Details can be found on the NHDC planning portal where the following revised documents can be found:
Below are additional points in response to the amended planning application that, if you have time we would recommend adding to your objection. We suggest doing this by email, and personalising if you can, and sending to Melissa Tyler directly email@example.com.
(For reference: our guidance for objections to the original proposal for the public consultation which ended in July 2018 can be found here)
The proposed development by reason of its size, depth, width, height and massing would have an unacceptably adverse impact on the amenity of the local public right of ways systems and Therfield Heath (SSSI), located immediately adjacent to the site, and to the surrounding countryside area by reason of its visually overbearing impact.
The proposed reduction in building heights has only been proposed in some areas of the central parts of the site, the outer higher ridges of the site are still proposing 2 storey development. These locations and the development of the site in its own right would represent, by some distance, the highest area of built development within the south western part of the town, and in some of the public views the new houses would still appear on the skyline. The Landscape and Visual Impact Assessment (LVA) therefore still underestimates the significant effect the development proposals would have.
The updated LVA still does not give sufficient consideration to the direct effects of the access proposals and the need to widen a significant length of Briary Lane. The widening and surfacing of the existing narrow, unsurfaced public right of way, together with the removal of parts of a much used public common land (local residents open space and parking), the existing stone wall along its western side and some of the trees and other vegetation alongside it would completely change its character from that of a rural track located between common land and a SSSI, into a suburban residential access road. This is an important landscape effect in its own right, and the LVA has underestimated the significant impact the proposals will have to a public rights of way within a sensitive and environmentally important setting. This access and setting was given significant weight in the recent enquiry associated with the de-registration of the common land.
The loss of common land and parking areas will have a significant social harm and will be a detriment to local residents. The Inspector of the recent enquiry, regarding the deregistration of the common land stated:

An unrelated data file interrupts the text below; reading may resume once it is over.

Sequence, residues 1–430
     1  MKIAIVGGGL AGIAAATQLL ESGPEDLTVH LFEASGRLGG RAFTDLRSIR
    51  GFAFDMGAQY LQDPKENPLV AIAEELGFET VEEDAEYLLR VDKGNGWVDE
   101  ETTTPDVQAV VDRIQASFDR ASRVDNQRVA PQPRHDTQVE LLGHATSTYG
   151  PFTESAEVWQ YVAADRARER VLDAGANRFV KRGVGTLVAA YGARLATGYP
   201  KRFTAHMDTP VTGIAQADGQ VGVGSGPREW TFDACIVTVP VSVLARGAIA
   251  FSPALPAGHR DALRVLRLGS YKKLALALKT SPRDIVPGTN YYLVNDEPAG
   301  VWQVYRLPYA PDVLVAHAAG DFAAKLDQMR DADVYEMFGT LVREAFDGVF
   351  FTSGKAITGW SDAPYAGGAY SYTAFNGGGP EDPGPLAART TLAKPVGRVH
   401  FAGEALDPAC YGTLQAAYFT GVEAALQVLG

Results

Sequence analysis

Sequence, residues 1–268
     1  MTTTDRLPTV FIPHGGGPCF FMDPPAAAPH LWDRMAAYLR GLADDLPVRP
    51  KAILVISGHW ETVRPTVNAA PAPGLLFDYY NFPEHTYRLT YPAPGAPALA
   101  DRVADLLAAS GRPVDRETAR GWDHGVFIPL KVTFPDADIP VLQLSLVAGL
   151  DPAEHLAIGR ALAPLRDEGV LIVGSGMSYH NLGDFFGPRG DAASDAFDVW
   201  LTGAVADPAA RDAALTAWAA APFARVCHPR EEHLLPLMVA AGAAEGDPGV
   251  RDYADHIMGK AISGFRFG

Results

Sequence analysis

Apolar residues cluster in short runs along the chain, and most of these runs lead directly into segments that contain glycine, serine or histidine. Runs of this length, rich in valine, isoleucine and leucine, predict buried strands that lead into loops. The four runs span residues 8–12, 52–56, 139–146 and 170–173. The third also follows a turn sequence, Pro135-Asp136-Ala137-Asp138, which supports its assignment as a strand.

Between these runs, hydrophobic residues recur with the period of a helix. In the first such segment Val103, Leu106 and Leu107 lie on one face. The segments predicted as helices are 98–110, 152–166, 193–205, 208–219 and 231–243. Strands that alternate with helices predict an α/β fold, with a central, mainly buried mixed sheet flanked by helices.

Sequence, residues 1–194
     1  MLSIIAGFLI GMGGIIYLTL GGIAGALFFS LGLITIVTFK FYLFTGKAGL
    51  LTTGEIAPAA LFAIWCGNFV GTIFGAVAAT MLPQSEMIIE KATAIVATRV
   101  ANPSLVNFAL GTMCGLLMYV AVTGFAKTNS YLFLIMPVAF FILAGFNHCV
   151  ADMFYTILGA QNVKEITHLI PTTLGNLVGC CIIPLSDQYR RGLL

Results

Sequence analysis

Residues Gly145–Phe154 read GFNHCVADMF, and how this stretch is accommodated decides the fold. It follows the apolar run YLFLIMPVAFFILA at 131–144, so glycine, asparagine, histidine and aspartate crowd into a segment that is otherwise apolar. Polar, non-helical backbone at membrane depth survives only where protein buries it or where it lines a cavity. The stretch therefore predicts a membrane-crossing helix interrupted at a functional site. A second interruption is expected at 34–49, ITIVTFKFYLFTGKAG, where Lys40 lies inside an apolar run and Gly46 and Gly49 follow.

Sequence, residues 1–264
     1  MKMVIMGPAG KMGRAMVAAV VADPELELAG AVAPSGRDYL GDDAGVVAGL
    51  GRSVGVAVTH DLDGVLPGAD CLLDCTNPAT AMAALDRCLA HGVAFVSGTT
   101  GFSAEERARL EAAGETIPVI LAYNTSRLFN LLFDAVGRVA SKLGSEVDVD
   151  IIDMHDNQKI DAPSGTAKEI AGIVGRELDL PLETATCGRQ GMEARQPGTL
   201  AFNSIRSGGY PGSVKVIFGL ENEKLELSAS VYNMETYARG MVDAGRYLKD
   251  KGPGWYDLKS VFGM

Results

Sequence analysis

“I accept that there are car parks elsewhere on the common but the loss of this facility would impact on people who park in this area to access the common. The evidence indicates that it is a fairly well used public facility and its removal may lead to cars parking on the surrounding streets to the detriment of local residents.
The proposal by Gladman is for the car parking facilities to be located some distance away from its current location, a distance from the current popular access to the Heath. This access has been assessed as the third most popular access route into the heath, by Ecology Footprint a Survey on behalf of Natural England. The proposal by Gladman will only increase the potential conflict between pedestrians and motorists, increase the amount of parking on street to existing local residents and will hinder the current accessibility to the existing Heath.
The impact from the removal of common land has not been mitigated for and the proposed land swap is located in an area to the benefit of proposed residents at a detriment to the existing residents and users of the Heath.
School places were referenced by Hertfordshire County Council in their original response to this application (e-mail dated 24 May 2018) stating only a maximum of 50 dwellings can be accommodated at this site. This has not been addressed by Gladman and therefore the proposals will still amount to a significant social harm.
The proposed access route is adjacent to the retained common land, situated off Briary Lane and Sun Hill. This land is of local importance to walkers and is a used play area for local children. The previous highway works assessed the impact of the development with this land being used for housing. The recent decision by the planning inspector ensures this land is retained as common land and therefore the impacts of the development should take this into account. An independent safety audit should be undertaken with this in mind and with the parking areas retained and the common land used by the public.
If you are residents that back onto the field we encourage you to specifically mention the impact that the development will have on your privacy and that the amended proposals make this worse for some residents.